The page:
THE ABI (Association of British Insurers) AND THIRD-PARTY CAPTURE

Third-party capture or (third party assistance) is when an insurer deals directly with a person who has a potential claim against their policyholder, in order to investigate and settle the claim. Typically, an insurer offers a compensation payment to settle the claim directly to a third party, rather than settling through a legal representative for that party. This is mainly used for third-party motor claims. But sometimes it’s used in other types of insurance, such as employers’ liability.

Concerns therefore been raised by industry bodies and consumer groups that this practice could mean third parties do not receive fair and reasonable treatment and compensation.

The handling of all insurance claim by insurers, including third-party claims, is regulated under the Financial Services and Markets Act 2000. This means that an insurer’s conduct towards thirds parties must comply with the Financial Services Authority’s (FSA) Principles for Business which includes acting with integrity, due skill, care and diligence and observing proper standards or market conduct. These Principles of the FSA are fundamental obligations of firm under their regulatory system and breaching them will mean a firm is liable to disciplinary sanctions.

Trade Union Unite has highlighted insurers who tried to settle claims of injured people before they could obtain independent legal advice. One incident involved Zurich who offered £4,000 in full and final settlement for the case to eventually settle for £35,000.

APIL evidence includes a claim on behalf of bereaved parents who lost their 3 children in an RTA. They were original offered £21,000 for a claim that finally settled for £60,000.

Both Unite and APIL are concerned about insurance company representative’s cold-calling ‘third party’ victims after an accident.

A further example was when Kimberly Harrison suffered facial injuries when another car crashed head-on with hers in March 2008. She was surprised and angry to receive frequent calls from the defendant insurer the day after she left hospital. She states that the insurance company pressurised her into settling the claim and not to take it further.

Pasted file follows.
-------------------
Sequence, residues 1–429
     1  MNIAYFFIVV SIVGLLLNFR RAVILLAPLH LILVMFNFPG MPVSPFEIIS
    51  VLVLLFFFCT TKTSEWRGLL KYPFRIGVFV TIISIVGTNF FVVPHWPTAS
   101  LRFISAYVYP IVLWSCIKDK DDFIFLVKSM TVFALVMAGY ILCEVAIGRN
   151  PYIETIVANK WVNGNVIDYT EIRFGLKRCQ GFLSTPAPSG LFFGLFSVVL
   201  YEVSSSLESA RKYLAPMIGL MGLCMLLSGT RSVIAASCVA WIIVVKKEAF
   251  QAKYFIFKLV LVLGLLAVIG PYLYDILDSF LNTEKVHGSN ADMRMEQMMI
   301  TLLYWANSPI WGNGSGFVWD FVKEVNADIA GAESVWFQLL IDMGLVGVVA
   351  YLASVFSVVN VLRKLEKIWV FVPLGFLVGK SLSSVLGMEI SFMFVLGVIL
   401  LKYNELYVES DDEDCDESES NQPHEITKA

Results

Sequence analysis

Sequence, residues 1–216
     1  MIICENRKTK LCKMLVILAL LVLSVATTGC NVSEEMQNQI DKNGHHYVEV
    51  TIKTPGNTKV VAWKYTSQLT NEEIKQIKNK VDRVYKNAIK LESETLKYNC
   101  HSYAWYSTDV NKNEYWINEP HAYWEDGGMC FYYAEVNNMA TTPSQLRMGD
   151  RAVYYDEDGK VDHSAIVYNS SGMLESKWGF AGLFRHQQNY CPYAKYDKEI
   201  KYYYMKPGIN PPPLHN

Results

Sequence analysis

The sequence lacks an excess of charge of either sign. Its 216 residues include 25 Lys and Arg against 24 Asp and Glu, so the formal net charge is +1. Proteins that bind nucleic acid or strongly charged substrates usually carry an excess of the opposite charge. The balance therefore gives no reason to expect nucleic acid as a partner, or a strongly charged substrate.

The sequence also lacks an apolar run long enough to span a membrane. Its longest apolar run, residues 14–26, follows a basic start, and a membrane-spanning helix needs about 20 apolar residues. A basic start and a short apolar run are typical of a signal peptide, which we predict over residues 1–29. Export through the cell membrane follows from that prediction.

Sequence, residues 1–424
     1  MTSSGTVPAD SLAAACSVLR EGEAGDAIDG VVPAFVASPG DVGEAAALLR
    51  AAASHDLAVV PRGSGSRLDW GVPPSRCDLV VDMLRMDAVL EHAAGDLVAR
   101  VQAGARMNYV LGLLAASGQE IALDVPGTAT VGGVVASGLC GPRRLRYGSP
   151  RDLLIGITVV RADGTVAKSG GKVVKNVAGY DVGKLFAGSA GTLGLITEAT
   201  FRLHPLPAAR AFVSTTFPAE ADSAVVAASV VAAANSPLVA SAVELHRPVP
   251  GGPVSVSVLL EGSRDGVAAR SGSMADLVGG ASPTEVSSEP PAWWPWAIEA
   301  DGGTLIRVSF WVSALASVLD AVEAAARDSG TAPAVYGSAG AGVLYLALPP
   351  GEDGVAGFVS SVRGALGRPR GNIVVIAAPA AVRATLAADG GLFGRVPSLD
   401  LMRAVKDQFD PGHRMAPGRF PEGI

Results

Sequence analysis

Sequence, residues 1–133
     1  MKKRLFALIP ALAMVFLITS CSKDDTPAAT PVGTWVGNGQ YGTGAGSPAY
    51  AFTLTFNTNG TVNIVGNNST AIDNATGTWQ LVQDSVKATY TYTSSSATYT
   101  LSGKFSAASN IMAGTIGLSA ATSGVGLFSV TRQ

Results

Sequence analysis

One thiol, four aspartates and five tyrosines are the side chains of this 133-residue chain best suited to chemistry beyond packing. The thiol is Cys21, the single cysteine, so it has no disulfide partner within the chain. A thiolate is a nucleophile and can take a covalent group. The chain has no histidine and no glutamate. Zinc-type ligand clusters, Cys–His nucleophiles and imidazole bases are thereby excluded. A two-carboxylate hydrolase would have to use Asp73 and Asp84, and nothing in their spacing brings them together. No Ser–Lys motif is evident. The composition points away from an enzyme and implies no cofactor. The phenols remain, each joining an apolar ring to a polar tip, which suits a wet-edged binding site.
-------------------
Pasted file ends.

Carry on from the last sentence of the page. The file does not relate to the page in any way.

She says once she had instructed solicitors, the defendant insurers even managed to obtain her medical records. They posed as someone working for her solicitor. She states “I had no idea insurance companies could behave that way”.

The ABI unveiled its voluntary code of conduct for members dealing with RTA victims. It was prompted by the government’s decision to slash fixed claimant costs for low-value RTA claim from £1,200 to £200 last April.

The significant reduction in claimant costs meant a likelihood that claimants will be left without legal representation.

ABI has produced a re-drawn set of principles after civil just reforms placed more emphasis on third party capture. The code aims to protect the interest of customers with a personal injury claim.

Under the code the insurers will:

• Ensure policyholders are made aware of their options when choosing a lawyer, including links the insurer may have with them;

• Emphasis the customers rights to choose their own legal representative;

• Not apply, or use firm who may apply pressure such as cold-calling on customers to claim;

• Not share personal information with a third party if they have said they would not pursue a claim;

• Ensure that third parties recommended to handle a claim will not increase legal costs for at-fault insurer.

The ABI has stated that his new code should ‘strike the right balance’ between customers ‘legal rights and their ability to file a claim within a system that does not encourage speculative or exaggerated claims’. Despite the ABI confirming that 15 insurers have signed this new code, there remains many more insurers who have not or are yet to sign this agreement. Additionally, the code is only voluntary and the claimant is at risk of being a part of the third party capture and subsequently in danger of being under compensated.

An accountancy firm PwC revised its forecast for the flooding costs in December and January upwards of £630m.

But considering recent reports and growing concerns about the impact of the flooding, the insurance industry believes the bill could treble by the time the floods receded.

The clean-up costs could lead to a 5% rise in building cover. The government also plan to introduce a ‘Flood Re’ agreement where insurance companies will be asked to pay the premiums for the high risk properties, through a levy of £180m a year, which is equivalent to £10.50 a year on all household insurance policies.

Household in the Thames Valley and West Country are likely to face a £1,000 increase in their annual insurance premiums next year. The increase in household insurance and claims on household policies may impact RTA claims. Insurers may now be looking to under settle claimant’s injuries even more.

Settlement offers made by insurers to third-party claimant should be fair and adequate and insurers should treat third-party claimant in an open and fair manner. Third-party claimant should therefore be fully informed of their right, including their right to independent legal advice and of the alternative to settling directly with the insurer.